Public policy also impacts the value of farmland during periods of economic turmoil. During recessionary times, the Federal Reserve Bank typically lowers interest rates to encourage spending and stimulate economic activity. When this happens, the value of real assets – like farmland – normally moves in an inverse direction to interest rates. Therefore, as interest rates come down, the value of a farmland portfolio typically increases.
A Good Hedge Against Inflation
As far as investments go, farmland is considered one of the strongest options for those looking to hedge against inflation. Lord Jacob Rothschild, scion of the world-famous European banking dynasty, has long touted that owning a hard asset like land is a good hedge in an inflationary environment. After all, people always need to eat. It’s no wonder, then, that Rothschild and other billionaire investors are drawn to U.S. farmland.
Consider this: food is the third-largest category used to calculate the Consumer Price Index, or CPI, which is used to benchmark the rate of inflation. Farmland has a 70 percent correlation with the CPI and nearly an 80 percent correlation with the Producer Price Index, which tracks changes in sales prices. Given that food comprises 10 percent of the average American’s household budget, when commodity prices rise, so do farmland values. In other words, rising inflation bodes well for farmland investments.
Similarly, timber and other agricultural assets, which are known to produce strong perennial income streams, have a low correlation with interest rates. Therefore, investors who want to hedge against inflation can do so by investing in farmland given its long-term stability.
Concerns Over Climate Change
Farm operators are keenly aware of how climate change can impact the world’s food supply: from wildfires to droughts, the increased frequency of unprecedented storms poses a tremendous risk to cropland all around the globe. However, although climate change can be seen as a threat to farmland, farmland can also help to mitigate environmental impacts caused by global warming.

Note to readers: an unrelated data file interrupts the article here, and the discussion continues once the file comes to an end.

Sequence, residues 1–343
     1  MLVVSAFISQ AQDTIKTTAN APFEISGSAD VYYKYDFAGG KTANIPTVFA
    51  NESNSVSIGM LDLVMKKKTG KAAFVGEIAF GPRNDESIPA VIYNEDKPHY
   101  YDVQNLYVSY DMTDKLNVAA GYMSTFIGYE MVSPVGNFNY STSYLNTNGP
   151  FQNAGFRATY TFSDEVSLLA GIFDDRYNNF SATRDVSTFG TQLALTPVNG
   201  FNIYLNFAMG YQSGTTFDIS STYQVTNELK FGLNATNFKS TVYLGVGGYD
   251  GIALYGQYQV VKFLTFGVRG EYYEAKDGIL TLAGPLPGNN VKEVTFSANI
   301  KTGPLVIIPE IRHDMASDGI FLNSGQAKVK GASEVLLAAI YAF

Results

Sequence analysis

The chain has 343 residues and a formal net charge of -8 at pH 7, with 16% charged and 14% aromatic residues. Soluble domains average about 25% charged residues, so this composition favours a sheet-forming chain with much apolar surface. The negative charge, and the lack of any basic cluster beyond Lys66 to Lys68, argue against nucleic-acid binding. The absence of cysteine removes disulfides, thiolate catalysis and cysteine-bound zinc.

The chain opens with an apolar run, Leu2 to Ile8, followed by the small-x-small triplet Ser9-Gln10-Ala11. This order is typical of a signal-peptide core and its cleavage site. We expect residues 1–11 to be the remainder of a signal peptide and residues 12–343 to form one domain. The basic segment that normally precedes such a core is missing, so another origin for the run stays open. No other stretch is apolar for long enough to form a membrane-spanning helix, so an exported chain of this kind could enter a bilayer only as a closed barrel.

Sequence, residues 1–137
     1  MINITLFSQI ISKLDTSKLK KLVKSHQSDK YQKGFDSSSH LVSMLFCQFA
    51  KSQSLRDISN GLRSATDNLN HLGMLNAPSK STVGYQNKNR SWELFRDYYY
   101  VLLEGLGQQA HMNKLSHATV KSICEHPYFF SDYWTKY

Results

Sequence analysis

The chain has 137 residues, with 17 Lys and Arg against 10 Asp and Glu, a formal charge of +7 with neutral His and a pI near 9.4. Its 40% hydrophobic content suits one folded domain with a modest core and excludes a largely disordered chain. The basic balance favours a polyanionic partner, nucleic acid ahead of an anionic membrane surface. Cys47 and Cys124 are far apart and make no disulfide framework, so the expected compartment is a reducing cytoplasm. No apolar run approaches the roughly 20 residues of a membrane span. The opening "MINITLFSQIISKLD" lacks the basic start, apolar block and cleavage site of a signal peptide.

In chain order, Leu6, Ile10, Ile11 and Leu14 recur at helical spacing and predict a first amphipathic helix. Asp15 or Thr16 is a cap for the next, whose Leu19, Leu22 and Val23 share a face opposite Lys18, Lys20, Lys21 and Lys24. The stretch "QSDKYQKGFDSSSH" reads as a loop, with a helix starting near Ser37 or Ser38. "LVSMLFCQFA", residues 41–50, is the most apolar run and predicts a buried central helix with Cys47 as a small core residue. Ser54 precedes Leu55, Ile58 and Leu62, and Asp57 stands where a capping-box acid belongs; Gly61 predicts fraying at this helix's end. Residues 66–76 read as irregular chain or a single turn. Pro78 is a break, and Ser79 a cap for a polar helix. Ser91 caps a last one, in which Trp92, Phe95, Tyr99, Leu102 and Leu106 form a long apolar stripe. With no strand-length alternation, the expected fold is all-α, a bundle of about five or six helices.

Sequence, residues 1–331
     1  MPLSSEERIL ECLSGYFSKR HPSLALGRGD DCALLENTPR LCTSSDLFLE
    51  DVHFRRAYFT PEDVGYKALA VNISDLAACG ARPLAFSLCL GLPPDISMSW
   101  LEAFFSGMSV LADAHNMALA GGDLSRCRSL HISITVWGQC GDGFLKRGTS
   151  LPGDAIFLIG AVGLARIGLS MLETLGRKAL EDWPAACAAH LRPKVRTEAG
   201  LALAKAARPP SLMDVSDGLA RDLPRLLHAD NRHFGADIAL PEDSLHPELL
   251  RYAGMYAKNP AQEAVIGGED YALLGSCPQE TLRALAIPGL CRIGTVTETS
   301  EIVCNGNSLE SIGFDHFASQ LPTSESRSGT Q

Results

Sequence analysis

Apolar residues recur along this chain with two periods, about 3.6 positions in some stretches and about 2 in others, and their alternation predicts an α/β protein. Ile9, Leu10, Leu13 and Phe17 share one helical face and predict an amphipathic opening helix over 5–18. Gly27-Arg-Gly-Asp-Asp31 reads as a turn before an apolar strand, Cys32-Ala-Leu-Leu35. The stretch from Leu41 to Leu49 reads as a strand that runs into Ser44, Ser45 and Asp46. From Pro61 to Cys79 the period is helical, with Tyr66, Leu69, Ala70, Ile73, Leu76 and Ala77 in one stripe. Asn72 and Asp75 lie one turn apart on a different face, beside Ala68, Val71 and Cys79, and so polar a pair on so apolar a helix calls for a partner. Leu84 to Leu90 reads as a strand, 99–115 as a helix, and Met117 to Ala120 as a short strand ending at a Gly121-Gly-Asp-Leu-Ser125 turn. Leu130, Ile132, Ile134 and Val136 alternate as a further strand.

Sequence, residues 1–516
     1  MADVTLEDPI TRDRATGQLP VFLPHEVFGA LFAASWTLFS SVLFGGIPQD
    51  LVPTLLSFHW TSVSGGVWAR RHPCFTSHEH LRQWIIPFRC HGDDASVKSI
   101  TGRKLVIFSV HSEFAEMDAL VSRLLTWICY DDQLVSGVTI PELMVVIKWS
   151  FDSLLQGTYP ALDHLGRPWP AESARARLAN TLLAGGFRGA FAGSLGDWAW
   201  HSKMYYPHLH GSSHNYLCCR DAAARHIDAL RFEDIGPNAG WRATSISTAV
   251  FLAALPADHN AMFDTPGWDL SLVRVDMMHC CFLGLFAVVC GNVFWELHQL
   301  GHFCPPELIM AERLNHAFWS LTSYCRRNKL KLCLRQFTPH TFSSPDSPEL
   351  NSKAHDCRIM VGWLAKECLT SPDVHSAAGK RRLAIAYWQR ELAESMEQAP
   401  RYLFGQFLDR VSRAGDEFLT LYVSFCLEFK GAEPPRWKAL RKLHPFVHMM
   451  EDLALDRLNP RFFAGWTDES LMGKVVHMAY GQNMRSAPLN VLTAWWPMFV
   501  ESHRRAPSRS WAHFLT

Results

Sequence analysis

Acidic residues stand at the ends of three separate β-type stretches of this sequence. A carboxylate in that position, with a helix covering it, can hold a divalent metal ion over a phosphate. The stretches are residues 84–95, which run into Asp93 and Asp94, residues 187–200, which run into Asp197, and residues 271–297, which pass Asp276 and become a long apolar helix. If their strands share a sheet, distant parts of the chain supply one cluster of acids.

For example, there are growing concerns over America’s dependency on fossil fuels. In turn, there is mounting pressure for large institutional investors and companies to divest from fossil fuel and instead, invest in renewable energy.
One such source of renewable energy is ethanol. Ethanol is primarily manufactured from crops like corn, wheat and sugar cane. In 2003, ethanol production in the U.S. was just 4 billion gallons. By 2020, U.S. ethanol production topped out closer to 14 billion gallons. Ethanol production alone will create sustained demand for farmland in the years to come.
Meanwhile, impact investors are funding advancements in precision agriculture and regenerative farming in order to support more efficient farmland operations – something that will be needed to create a healthier, more sustainable climate.
Is Farmland a Good Investment?
Anyone who is interested in adding a low-risk, stable yet lucrative asset to their portfolio will certainly want to consider investing in farmland. Farmland has proven to be a good investment regardless of where we are in any economic cycle: farmland performs well during economic recessions as well as in inflationary environments, making it attractive to investors looking to diversify away from more volatile stocks, bonds and equities.
Farmland held its value and even outperformed other assets amid other pandemic-induced volatility. Today, the outlook for farmland remains strong.
According to a recent survey, buyer demand is drastically outpacing seller supply. In 2021, less than 10 percent of farmland owners were in the market to sell. Meanwhile, nearly 60 percent of owners were looking to acquire additional farmland assets.
“All demand factors – favorable interest rates, well capitalized lending institutions, investors looking for safe haven investments and farmers holding cash – continue, and it does seem like a ‘strike while the iron is hot’ scenario,” says Davis Michaelsen, LandOwner editor.
Not a single survey respondent believed cash rent prices would fall in 2022, while 28 percent expected rent to increase by 10 percent or more.
By some estimates, only about 5 percent of U.S. farmland is owned by professional investors. In a market worth several trillions of dollars, this represents a tremendous opportunity for those looking to invest in farmland.
America’s billionaire investors shouldn’t be the only ones to reap the benefits of U.S. farmland. If you are an investor seeking both stable cash flow and steady, long-term appreciation, contact us today. Our team would be happy to discuss how our platform is making it easier than ever for retail investors to begin investing in farmland.